I am not so sure that (or how) the willow branches work. But, the wire rods will be affected by the VLF current in pipes (I can even do it once in awhile). I imagine if the limestone fracture was large enough (and at the gpm it was it must have been!), I would not be too much of a sceptic of the wire rods. Although would prefer a bit more scientific method using geophysics. But the physics is there. Although I’m not sure why some folks can do it and others can’t - no doubt something in the chemical makeup of the person (iron, salt, etc.) that makes them a better “antenna” than others.
We used VLF to locate wells in a tight formation in New Jersey. Typical wells were just barely enough for a house 4 to 6 gallons/min. With the VLF we would locate fractures and wells would be in the upper thousands of gallons a minute. Twice we found wells where the owner sold most of the water to the local town. Didn’t use metal rods though!
Another mechanism might be the water flowing in the limestone channels, which creates an eletrical field (streaming potential). Again, better ways to measure and detect that, but I wonder if the metal rods might be affect by that as well (if large enough channels, shallow enough, etc.)
I’ll have to search for the NGWA results.
What IS interesting is what deperate people will turn to.
Most of the valleys out that way are actually old river or old lake beds. Aint hard to see if you look at it and think that water wont lay on top of hills.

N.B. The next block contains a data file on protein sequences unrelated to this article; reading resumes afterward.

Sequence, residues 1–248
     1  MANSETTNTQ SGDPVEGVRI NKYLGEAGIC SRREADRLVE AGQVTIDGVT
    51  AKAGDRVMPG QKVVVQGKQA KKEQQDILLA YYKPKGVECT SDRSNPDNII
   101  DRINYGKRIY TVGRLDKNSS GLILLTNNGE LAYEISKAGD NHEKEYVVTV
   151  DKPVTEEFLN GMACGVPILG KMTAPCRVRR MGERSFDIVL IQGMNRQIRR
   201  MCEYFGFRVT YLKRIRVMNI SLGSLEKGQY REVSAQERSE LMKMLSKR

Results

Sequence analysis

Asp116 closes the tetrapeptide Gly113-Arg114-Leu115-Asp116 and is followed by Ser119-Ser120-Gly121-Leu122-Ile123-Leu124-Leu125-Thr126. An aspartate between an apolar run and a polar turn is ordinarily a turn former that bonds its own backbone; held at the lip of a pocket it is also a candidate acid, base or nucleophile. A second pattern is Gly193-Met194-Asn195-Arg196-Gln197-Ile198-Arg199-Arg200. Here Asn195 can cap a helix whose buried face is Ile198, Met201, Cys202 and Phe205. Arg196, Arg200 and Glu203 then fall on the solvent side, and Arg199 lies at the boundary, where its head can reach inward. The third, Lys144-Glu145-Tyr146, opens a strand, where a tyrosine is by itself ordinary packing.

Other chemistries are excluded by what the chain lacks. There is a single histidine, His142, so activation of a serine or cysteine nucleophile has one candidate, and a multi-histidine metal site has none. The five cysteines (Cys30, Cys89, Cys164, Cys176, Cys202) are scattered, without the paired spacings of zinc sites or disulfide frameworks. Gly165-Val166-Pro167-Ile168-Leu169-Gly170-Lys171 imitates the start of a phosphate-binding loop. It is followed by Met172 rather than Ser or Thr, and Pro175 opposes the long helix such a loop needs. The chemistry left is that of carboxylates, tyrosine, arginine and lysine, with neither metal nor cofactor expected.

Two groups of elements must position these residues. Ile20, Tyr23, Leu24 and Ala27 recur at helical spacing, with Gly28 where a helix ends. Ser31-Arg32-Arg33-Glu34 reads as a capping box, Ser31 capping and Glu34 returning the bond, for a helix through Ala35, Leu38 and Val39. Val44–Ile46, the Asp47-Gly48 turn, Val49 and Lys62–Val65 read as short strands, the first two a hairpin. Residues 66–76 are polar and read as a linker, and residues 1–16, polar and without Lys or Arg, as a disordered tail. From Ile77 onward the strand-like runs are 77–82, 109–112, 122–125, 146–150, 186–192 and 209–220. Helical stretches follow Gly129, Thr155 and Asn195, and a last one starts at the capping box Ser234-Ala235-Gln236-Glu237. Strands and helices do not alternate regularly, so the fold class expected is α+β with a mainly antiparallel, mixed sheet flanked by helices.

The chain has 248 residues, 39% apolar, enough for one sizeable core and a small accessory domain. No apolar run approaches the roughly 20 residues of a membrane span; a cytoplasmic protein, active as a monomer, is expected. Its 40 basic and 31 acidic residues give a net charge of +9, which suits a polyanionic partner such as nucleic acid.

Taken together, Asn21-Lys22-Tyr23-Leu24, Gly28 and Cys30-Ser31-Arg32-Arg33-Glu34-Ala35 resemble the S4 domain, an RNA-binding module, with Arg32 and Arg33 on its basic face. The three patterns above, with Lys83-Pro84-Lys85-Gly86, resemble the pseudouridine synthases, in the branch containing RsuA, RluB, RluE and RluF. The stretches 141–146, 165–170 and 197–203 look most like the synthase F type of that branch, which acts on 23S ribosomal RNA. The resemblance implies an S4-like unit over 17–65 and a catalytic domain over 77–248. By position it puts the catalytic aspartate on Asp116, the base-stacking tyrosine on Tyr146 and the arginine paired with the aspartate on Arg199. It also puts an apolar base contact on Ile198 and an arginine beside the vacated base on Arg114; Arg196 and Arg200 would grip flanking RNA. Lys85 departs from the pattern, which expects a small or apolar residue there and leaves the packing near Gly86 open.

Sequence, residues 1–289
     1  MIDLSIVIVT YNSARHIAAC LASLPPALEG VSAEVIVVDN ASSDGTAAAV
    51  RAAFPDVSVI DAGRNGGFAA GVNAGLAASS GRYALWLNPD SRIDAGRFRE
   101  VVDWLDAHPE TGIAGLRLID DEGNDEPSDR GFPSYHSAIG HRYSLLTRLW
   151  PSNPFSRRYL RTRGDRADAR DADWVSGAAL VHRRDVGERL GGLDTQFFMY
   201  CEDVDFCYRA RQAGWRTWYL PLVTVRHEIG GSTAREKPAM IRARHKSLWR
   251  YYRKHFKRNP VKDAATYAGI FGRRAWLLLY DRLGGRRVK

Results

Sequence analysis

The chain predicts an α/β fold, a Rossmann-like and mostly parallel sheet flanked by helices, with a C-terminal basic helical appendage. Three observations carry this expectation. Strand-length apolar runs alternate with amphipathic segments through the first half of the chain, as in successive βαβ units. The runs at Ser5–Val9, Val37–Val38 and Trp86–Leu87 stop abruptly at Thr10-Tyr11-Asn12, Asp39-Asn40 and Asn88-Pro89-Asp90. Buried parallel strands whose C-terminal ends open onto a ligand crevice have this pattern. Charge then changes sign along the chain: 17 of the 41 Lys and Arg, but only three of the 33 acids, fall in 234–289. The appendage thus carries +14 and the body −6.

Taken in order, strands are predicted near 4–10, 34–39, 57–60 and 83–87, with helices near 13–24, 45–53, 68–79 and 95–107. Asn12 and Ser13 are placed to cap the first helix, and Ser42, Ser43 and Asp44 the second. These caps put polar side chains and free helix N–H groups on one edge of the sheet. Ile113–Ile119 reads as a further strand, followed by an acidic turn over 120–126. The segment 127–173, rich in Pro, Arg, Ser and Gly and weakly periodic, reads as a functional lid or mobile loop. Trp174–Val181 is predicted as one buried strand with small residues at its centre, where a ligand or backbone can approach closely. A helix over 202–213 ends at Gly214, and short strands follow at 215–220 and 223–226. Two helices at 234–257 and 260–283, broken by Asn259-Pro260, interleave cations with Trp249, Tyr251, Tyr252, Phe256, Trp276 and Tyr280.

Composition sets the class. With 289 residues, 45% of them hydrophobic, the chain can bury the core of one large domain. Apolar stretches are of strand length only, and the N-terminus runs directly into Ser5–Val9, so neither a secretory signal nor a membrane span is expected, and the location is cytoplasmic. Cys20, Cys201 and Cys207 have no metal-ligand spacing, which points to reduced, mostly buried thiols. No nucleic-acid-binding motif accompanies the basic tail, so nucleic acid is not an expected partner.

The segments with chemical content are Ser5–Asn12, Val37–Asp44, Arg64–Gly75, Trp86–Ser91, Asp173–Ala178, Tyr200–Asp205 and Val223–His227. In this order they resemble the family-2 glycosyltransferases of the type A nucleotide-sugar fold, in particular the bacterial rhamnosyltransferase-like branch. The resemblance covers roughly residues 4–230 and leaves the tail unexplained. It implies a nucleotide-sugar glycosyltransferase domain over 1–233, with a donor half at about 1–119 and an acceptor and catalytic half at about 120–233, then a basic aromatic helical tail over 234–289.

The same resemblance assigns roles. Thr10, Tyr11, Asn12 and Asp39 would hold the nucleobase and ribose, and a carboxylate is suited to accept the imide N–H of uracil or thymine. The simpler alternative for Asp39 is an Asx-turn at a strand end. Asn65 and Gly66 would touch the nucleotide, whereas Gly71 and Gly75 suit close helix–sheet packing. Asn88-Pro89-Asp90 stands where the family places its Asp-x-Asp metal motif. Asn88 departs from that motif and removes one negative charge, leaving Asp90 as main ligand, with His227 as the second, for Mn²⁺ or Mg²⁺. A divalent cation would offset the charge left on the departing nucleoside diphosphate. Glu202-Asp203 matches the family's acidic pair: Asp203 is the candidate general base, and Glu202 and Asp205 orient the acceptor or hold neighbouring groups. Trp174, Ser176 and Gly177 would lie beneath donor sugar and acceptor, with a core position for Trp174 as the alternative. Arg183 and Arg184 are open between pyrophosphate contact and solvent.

I got a place in Golden Valley AZ. Kingman is in the next valley. Along the Golf course on the side of the cliffs you can see where the water had washed out bowls against the sandstone ages ago. Yet..it wont take that long to suck those dry if they over populate. Phoenix is actually sinking from the draw off the aquifer. The problem isnt the water, its the lack of amount of rain they get to regenerate that aquifer.
Funny thing, the higher up the mountains you go the shallower the wells are. Up the mountains, some wells are just 80 feet down and endless recovery. Down in the valley they can drill a thousand feet before they get water. I know one lady who has a well just down from me who has a well at just over 250 feet and the recovery is at about 50 gal. But, you can bore some dry holes there also.
Does it point DOWN when I get over a dead democrat voter?
Maybe to their abode?
The reason is that most drillers and all geologists know the facts about ground water: that it is almost everywhere. Non-scientists think water is in "underground streams" scattered here and there; that's false. When I was involved with drilling in limestone (the rock in the Texas story), the problem was not finding water; it was 1) finding clean water, because the large conduits are easily contaminated, and 2) avoiding creating sinkholes at the surface when the well is pumped.
You get a good 'witcher' and they can not only FIND water but tell you how deep and what volume,
Just because one doesn't know about something - doesn't mean it doesn't work.
I worked for WSSC one summer and watched often as one guy on the truck would bring out his brass rods and find the water main. I never saw him miss.
Not everyone can do it, but some can.
People believe in water witching or divining rods, because people still believe in ghosts, psychics, and demons. If you go to more remote uncivilized areas, people can believe in evil spirits causing disease, drought, volcanic eruptions and bad luck. There are people that believe anything under the sun. Humans are a gullible bunch.